Six on Saturday 02.05.20

It is May already, and the days are growing shorter, the nights longer. It has been such a strange year, with nothing being in the least bit normal. At least we know it is autumn when we see all the beautiful colours in the Botanic Gardens (have a look back at some of my recent posts if you like). Anyway, thanks once again to The Propagator for allowing us to share what is going on in our gardens.

First up, there are still some flowers on the wild strawberry plant, though if any fruit ever appears it disappears as quickly. I love these flowers, and the pots with the plants in sit next to the cornflowers, making a rather pretty little spot on the terrace.

A little flower

Next up, remember the seedpods? Below you can see how the most easily accessible one looked on Tuesday, Thursday and today. And yes I did take 3 of the seeds and stick them into a pot.

Tuesday
Thursday
Saturday

The day began sunny, if a little windy, so I had to pop the salvia on the step to get a picture of the plant remaining still. The variety is blue black. And yes I just have one, wee plant, because that is how things work in our yard!

Salvia

And so to the herbs…the basil is really on its last legs, especially with the cooler nights. The pineapple sage and mint are looking good, and the thyme is still featuring in many dishes. I need to sort things out for the cooler months though, and just need to get some gardening mojo together to get this done.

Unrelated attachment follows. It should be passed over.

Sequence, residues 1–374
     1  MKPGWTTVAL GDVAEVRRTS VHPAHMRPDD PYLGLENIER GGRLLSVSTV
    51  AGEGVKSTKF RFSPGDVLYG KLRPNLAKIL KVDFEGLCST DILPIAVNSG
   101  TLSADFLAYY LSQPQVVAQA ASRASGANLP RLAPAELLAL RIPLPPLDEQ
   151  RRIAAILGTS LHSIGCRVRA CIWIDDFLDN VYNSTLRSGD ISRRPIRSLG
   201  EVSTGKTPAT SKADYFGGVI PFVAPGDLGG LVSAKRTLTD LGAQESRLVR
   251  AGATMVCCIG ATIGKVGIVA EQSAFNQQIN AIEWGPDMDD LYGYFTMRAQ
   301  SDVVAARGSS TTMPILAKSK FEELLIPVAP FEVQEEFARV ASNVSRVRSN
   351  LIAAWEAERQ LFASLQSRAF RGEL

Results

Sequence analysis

Pineapple sage

At number 5, last year’s mystery plant, the tecomanthe speciosa or Three King’s Climber has many buds again, and the signs of flowers too. I am so glad my colleague identified it for me last year. It is a native climber, threatened in the wild but it grows fine in gardens.

Buds

On buds, all the camellias are showing signs of life, and this one, whose roots are actually in our neighbour’s garden but which borders our steps, is already flowering. What can I say?

The first camellia

That is all from me this week. As usual, I am looking forward to seeing everyone’s beautiful gardens in other parts of the world. Take care out there! Kia kaha.

You can find Thistles and Kiwis on Facebook, and also on Instagram@thistleandkiwis.  As for Twitter….am totally inactive these days.  If you want to get in touch, email me on thistlesandkiwis@gmail.com

19 Comments

  1. Thank you for photographing the seed head of magnolia day after day; it gives a good idea of ​​the evolution.
    Remind me the color of the flowers of Tecomanthe please? : I can’t wait to see them!

    Like

  2. Love the day by day seedpop photos! Hope you manage to germinate one of the seeds. Just googled tecomanthe, Wowsers!!! What a beauty, can’t wait to see it bloom. Have a good week. 🙂

    Like

  3. Great to see that you’re now harvesting from the seedpods – it will be interesting to be able to watch their progress.

    Liked by 1 person

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